reading mV

Hello all
I'm a newbee so forgive me.

I've been playing with the Arduino Uno. I'd like to measure 0-100mV with 0.1mV resolution. I used the Internal 1.1 reference and got the about 10mV resolution. Can I use the Aref pin at 100mV to get the 0.1mV resolution I want?
When I tried it the read value just stayed at max (1023). Also I have read that if I use the Exertnal reference I can't use the internal reference in another part of the code since it will short the internal with the external on Aref... is this correct?

Well that's what I'm trying yo pull off thanks in advance

I think you'd be better off passing that signal through an op-amp to boost it to the 0 to 5V range that the Arduino normally supports. Op-amps are cheap, and the associated resistors and capacitors will hardly break the bank.

Yea I tried that but for some reason the Op-amp out was not linear throu out the range. I could tune it for the upper or lower range. Maybe I need a better op-amp circuit.

Can you show us the op-amp circuit you tried?
Gain of 50 to get .1V up to 5V should not be hard to do.

Another option is to use higher bit resolution external A/D.

If you had the internal 1.1V reference, than 1 bit represents 1.07mV,
so you should be able to get readings of 0 to 100 (0x64) with 100mV signal.
I dont follow your 10mV resolution comment.

I used the Non-Inverting with a LM358n ( so I could use the 0-5V as a source)
R1 9K (pot for fine tuning)
R2 1K

Total gain 10
Still used the 1.1 reference

I got the 10mV since the LCD only read 0.00 and I only see the last digit change. haven't figured out how to make the float display more digits yet. :cry:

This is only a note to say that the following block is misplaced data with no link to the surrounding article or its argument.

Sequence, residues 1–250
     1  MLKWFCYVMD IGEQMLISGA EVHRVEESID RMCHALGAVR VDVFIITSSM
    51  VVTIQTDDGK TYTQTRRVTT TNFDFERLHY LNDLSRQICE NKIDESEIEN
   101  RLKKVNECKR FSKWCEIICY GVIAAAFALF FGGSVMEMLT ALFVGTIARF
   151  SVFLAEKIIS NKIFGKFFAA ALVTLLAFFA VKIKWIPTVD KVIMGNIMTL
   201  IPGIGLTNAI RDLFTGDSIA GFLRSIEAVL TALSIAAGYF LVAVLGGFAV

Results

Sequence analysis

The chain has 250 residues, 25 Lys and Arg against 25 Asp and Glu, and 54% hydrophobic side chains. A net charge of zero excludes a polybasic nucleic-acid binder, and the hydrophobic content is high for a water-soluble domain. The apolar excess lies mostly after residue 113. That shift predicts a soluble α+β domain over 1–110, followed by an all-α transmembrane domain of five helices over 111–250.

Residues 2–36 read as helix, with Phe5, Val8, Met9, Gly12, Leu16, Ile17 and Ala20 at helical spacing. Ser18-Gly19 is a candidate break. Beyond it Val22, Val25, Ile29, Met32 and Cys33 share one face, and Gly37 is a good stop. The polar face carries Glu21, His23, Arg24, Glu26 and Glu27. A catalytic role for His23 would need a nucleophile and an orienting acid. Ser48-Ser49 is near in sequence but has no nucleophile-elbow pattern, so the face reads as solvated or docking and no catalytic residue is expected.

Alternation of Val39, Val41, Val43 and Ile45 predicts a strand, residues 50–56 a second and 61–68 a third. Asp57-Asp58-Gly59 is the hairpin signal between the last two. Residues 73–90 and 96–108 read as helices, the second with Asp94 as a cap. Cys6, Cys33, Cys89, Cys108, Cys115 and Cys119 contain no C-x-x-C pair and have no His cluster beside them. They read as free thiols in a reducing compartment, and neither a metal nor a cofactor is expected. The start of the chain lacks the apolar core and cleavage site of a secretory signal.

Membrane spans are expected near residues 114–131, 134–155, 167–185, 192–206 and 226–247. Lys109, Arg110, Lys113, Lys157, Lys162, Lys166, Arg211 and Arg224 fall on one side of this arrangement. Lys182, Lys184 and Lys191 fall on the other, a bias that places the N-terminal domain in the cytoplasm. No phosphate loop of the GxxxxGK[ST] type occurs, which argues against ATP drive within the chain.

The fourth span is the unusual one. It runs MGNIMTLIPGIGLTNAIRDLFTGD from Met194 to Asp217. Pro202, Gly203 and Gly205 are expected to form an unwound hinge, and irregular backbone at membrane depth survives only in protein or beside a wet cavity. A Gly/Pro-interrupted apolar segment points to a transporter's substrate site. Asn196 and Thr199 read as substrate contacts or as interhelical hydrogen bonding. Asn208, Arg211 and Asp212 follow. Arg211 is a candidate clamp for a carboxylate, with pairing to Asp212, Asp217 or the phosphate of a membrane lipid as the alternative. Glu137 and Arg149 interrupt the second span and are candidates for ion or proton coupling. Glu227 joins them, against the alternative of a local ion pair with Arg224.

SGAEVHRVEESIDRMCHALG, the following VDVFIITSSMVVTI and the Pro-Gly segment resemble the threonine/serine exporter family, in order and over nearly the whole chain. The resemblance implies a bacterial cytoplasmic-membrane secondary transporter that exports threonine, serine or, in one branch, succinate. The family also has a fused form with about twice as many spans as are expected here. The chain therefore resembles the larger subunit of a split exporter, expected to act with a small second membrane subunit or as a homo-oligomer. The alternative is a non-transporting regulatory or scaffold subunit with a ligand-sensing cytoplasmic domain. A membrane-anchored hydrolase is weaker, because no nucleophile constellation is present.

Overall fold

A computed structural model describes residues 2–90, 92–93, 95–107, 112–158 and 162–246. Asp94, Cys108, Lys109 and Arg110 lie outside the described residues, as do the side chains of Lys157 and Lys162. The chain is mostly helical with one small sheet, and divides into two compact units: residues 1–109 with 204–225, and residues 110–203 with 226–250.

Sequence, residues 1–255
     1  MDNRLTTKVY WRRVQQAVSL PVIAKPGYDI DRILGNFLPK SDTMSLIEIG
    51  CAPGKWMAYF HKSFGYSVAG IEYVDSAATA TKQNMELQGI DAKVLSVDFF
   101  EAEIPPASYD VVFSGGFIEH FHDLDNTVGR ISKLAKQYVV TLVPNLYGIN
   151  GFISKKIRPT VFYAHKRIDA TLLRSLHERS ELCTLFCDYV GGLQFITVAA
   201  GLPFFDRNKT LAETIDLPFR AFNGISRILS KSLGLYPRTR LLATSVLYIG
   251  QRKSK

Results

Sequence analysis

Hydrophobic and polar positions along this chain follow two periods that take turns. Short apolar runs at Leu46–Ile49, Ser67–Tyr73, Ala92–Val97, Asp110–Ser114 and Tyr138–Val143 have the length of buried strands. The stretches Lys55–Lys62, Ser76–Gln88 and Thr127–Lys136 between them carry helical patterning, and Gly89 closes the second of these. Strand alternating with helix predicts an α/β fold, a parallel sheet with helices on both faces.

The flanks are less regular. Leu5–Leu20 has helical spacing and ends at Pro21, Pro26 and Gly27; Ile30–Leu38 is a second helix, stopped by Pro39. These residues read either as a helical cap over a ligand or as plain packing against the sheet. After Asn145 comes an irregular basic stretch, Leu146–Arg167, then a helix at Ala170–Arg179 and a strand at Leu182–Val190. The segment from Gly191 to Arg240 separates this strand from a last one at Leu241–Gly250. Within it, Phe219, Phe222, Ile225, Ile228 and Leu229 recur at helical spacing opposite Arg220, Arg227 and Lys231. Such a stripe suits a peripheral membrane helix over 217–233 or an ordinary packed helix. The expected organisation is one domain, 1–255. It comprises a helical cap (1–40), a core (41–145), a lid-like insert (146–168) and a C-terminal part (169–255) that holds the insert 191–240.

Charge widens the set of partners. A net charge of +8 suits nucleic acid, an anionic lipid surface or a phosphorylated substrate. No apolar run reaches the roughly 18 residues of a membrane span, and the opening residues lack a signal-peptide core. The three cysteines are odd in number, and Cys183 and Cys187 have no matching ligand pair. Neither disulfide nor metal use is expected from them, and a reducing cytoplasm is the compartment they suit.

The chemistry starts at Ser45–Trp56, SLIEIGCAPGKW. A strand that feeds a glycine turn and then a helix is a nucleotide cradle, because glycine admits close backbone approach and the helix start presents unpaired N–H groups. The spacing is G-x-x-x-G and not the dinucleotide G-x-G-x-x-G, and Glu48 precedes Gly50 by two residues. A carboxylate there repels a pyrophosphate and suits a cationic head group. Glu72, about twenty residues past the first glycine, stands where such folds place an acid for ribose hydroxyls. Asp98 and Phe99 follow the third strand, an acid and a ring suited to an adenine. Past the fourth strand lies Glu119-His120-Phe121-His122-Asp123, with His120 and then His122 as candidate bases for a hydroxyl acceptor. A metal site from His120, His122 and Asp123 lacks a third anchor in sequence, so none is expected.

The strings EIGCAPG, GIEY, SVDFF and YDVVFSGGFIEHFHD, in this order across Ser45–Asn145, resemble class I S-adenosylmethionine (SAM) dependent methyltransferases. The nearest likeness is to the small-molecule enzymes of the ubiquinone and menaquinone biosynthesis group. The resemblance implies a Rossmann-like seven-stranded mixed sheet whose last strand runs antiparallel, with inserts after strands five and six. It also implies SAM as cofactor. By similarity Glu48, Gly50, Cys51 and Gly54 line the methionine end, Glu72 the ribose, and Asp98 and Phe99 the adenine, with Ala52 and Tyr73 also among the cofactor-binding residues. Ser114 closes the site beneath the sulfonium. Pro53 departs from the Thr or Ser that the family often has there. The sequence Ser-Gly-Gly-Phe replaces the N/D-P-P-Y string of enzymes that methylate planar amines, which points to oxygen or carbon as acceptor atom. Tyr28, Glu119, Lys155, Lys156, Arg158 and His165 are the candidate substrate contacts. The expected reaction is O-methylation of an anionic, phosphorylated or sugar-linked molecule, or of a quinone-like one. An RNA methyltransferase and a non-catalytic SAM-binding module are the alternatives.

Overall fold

here is my code

// include the library code:
#include <LiquidCrystal.h>

// initialize the library with the numbers of the interface pins
LiquidCrystal lcd(12, 11, 5, 4, 3, 2);
//Variable to hold A0 reading 0-1023
int A0_Value=0; 
float F1=0;
float PercentOfInput=0.0;

void setup() {
  // set up the LCD's number of columns and rows: 
  lcd.begin(16, 2);
  // Print a message to the LCD.
  lcd.print("Hello, world!");
  // Set Analog reference to Internal 1.1Volts

void loop() {
  // set the cursor to column 0, line 1
  // (note: line 1 is the second row, since counting begins with 0):
  lcd.setCursor(0, 1);
  // print the number of seconds since reset:
  // Set the curser to column 6 row 2
  lcd.setCursor(6, 1); 
  lcd.print("          ");
  lcd.setCursor(6, 1); 

  A0_Value = analogRead(A0); // read A0 value
  PercentOfInput = float(A0_Value)/1023*100;
 // lcd.print(A0_Value);
  F1= (PercentOfInput)*0.011;
  lcd.print(F1);  // Print to LCD

Why not have your answer display in mV?
result = A0_value * (1.1/1023)*1000 (with no gain)

so that 0b0000000001 = 1.07 (mv)
0b0000000010 = 2.14mV
0b0000001010 = 10.75mV

Thank you for how to read it in mV But if I understand this I still only have 1.07mV resolution.

So back to the original question. Can I use ARef to get there (0.1mV) and if I do am I stuck with the ARef voltage for all my Analog input?

Building the 50 Gain circuit to see what happens


I would experiment - I don't think anything is set in stone as to when


analogReference(EXTERNAL); // ??

is called - maybe just a time thing to let the voltages settle before taking a reading.

Apply a 1/2 volt, write a little code to change back & forth, see what happens.

Even if you just use a gain of 10 to get your signal to 1V, you could use the 1.1V internal reference, and then 1 bit would represent 0.1075mV for your display.

According to the 328 datasheet there is an electrical specification limit of minimum Aref voltage of +1vdc, so getting resolution of .1mv per count just isn't possible without external amplification. There should be no problem using an external opamp to get the resolution you are looking for.

According to the 328 datasheet there is an electrical specification limit of minimum Aref voltage of +1vdc, so getting resolution of .1mv per count just isn't possible without external amplification.

The MEGA (atmega2560) has 4 ADC channels with optional 10x and 200x gain. If you used that one with the internal 1.1v reference you could get pretty close to 0.1mv per count. Of course, reading the datasheet further you can see that the last two bits are garbage (this is a sad fact of life with most ADCs, especially those integrated into uCs), so in the 0-100mv range (with 10x gain on and 1.1v ref) the best you can do is about 1/2mv.

There are however many nice and easy to use ADCs out there. TI may even give you a free sample.